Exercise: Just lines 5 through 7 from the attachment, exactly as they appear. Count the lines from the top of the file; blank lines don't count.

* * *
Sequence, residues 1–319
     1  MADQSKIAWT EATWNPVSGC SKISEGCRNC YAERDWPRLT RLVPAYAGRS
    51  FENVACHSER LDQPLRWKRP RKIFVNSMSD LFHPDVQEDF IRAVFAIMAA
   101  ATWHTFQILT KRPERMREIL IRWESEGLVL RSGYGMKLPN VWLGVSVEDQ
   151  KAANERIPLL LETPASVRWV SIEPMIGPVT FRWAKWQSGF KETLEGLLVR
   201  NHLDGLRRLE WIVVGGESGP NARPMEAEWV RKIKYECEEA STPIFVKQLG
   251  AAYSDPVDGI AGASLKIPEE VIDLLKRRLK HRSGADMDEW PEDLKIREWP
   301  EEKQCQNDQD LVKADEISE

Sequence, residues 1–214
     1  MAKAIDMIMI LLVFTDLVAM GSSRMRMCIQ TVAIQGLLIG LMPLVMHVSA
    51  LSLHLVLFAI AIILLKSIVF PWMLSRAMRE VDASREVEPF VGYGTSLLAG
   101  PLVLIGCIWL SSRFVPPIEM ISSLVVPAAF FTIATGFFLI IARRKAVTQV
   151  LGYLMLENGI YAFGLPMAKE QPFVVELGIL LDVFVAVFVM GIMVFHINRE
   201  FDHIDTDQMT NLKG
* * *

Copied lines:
   151  KAANERIPLL LETPASVRWV SIEPMIGPVT FRWAKWQSGF KETLEGLLVR
   201  NHLDGLRRLE WIVVGGESGP NARPMEAEWV RKIKYECEEA STPIFVKQLG
   251  AAYSDPVDGI AGASLKIPEE VIDLLKRRLK HRSGADMDEW PEDLKIREWP